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Widening the Genetic Net to RNA Snags Schizophrenia Risk Gene Candidates

11 May 2016

News Story: 

May 12, 2016. A new study in Nature Medicine published May 9 has identified likely risk genes for schizophrenia on chromosome 10. Led by Daniel Weinberger of the Lieber Institute for Brain Development in Baltimore, Maryland, the study examined brain RNA transcripts—the intermediate step of producing proteins from gene blueprints—to locate the genes, one called BORCS7, and a never-before-detected form of the AS3MT gene.

The researchers' approach picks up where strictly genetic studies have left off. For example, comparing DNA between those with schizophrenia and controls have pinpointed regions on chromosomes that harbor genetic variants associated with schizophrenia, but stop short of identifying the operative genes. That's because a genetic variant associated with schizophrenia does not usually occur in a single gene, but rather stands in the expanses between genes.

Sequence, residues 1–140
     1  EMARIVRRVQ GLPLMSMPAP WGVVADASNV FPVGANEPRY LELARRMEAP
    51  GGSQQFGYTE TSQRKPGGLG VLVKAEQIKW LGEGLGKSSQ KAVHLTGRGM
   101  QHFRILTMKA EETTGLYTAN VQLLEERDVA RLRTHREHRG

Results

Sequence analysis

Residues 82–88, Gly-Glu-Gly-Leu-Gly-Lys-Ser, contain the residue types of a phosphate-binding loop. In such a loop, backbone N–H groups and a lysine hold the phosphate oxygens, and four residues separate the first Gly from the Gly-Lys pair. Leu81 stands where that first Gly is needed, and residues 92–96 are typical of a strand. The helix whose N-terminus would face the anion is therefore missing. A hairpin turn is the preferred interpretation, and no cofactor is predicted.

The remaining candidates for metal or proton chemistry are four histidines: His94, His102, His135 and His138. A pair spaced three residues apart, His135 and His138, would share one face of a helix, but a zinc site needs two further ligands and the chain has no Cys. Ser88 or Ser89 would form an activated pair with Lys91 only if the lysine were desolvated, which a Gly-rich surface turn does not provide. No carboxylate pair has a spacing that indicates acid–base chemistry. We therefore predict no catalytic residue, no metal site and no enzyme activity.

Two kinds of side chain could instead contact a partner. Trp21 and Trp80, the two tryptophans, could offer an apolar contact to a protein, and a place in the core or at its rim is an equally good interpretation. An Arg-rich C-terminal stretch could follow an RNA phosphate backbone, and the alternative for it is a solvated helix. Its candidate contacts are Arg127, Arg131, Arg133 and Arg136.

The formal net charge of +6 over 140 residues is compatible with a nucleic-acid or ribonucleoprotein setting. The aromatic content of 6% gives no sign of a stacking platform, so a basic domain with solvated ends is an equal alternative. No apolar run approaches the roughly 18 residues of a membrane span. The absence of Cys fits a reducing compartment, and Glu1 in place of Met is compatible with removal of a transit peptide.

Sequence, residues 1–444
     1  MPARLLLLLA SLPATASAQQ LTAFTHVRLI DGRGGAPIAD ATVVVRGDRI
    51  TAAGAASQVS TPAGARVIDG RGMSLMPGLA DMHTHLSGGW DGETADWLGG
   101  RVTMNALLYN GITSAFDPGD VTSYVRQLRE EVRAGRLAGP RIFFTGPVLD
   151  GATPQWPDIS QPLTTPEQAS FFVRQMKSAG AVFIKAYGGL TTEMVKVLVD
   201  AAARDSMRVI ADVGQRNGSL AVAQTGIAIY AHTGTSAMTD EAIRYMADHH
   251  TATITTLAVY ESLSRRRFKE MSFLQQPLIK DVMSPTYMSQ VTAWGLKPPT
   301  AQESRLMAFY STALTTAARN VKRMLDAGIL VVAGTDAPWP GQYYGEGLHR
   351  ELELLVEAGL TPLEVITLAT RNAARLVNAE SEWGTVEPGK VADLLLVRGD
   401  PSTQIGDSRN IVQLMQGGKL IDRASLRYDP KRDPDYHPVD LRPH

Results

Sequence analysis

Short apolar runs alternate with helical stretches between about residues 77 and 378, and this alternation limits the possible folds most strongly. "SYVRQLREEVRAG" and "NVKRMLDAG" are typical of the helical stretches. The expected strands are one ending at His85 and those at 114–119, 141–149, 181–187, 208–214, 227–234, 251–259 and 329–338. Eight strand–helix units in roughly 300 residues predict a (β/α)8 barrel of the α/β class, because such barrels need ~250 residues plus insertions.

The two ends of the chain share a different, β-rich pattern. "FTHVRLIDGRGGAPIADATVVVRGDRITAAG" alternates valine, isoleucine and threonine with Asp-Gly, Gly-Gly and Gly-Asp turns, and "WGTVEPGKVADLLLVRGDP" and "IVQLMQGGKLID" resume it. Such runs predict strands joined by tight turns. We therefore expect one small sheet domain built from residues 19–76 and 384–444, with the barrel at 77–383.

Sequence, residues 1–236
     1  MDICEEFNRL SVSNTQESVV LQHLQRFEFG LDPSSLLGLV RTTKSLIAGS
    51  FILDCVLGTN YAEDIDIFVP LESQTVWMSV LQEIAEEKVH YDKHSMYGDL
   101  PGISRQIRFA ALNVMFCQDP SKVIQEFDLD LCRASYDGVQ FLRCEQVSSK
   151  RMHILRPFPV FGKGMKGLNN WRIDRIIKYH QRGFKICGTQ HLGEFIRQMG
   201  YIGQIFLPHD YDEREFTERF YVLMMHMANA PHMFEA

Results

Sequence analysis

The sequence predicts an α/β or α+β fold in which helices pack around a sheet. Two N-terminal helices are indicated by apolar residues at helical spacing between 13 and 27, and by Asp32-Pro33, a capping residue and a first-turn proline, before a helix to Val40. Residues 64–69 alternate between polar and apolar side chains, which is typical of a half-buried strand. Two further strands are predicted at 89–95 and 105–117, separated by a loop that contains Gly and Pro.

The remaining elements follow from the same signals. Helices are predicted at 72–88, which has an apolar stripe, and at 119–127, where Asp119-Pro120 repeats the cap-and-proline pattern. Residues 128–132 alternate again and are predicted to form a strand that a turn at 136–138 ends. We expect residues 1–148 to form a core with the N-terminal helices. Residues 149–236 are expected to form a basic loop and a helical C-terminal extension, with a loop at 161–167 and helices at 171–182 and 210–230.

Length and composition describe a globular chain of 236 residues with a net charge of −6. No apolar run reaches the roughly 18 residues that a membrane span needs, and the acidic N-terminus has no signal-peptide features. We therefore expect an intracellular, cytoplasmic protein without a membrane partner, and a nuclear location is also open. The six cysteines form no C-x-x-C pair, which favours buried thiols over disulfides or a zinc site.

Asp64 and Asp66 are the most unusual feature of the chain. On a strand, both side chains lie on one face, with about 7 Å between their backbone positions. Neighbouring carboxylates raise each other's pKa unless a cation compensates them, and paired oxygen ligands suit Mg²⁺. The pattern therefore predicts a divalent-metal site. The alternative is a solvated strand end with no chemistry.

One notable example has been a region in chromosome 10: A genetic signal in the region has been found for schizophrenia, but it casts suspicion on 10 to 20 nearby genes.

To decipher the true culprits, the new study turned to the brain to see whether changes in how much a gene was turned on or off changed with a genetic variant. Using RNA sequencing technology, the researchers found that only two genes varied with the genetic signal found in previous studies, both increasing their production of RNA. This suggests that higher-than-normal generation of RNA and, subsequently, protein from BORCS7 and the new form of AS3MT gene somehow predispose the brain to schizophrenia. (For more details, see the related news story.)—Michele Solis.